CPS Calls Teacher Misconduct Story A "Gross Distortion"

Patrick Rocks and James Sullivan write below to refute the recent story that ran about CPS employees being allowed to run free after being accused of misconduct.

Read the full letter by clicking below.

What's your experience -- is this a big problem or a minor one?

December 6, 2007

Dear Editor:

Your Dec. 2 story regarding the Chicago Public Schools' practices involving school district employees accused of misconduct is a gross distortion of reality. On the very rare occasions when our employees are accused of misconduct, we do a very thorough and careful job of investigating the allegation, disciplining the employee and following through with law enforcement when appropriate, and disclosing information about such cases in accordance with the law and the employees' right to confidentiality in their personnel records.

The Chicago Public Schools' Office of the Inspector General releases an annual report of the investigations that it has conducted during the year--on employee misconduct, vendor fraud, residency issues, and other matters of board policy. That office and that annual report exist because we take very seriously our responsibility to ensure that our employees are acting in the best interest of our children and their families, and that our taxpayers' dollars are not being misused.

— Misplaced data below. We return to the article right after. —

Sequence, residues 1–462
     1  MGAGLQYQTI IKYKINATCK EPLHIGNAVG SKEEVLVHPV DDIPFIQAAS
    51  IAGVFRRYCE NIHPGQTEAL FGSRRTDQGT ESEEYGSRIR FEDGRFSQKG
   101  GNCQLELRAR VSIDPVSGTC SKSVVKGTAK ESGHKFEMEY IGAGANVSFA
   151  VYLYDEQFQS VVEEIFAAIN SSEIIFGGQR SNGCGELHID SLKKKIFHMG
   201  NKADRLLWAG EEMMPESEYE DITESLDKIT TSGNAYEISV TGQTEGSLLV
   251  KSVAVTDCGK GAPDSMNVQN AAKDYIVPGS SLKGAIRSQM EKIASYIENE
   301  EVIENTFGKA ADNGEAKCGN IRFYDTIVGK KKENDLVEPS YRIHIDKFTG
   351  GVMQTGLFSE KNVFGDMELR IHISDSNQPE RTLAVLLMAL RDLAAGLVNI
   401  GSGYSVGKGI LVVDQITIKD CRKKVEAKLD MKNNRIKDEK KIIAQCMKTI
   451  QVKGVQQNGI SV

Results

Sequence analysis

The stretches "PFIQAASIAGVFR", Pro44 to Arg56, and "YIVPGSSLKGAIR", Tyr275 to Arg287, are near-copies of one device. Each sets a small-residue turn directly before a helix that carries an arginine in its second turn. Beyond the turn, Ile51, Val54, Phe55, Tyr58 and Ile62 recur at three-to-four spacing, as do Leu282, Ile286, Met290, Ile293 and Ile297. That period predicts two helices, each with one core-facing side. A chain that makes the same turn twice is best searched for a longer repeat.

And it is that Inspector General's report--which very few school districts compile, much less make public--that was the basis for the story that your reporter did. We were as forthcoming as the law allows with subsequent information that was requested through the Freedom of Information Act, and we've followed up with the Illinois Attorney General's Office to ensure that we're handling these matters properly.

The CPS is deeply committed to living up to our responsibility of sharing public information with our taxpayers, to holding our employees accountable to high standards of professional and personal conduct, and to holding ourselves accountable for protecting and serving the educational needs of our children.


Patrick Rocks

General Counsel

Chicago Public Schools

James Sullivan

Inspector General

Chicago Public Schools

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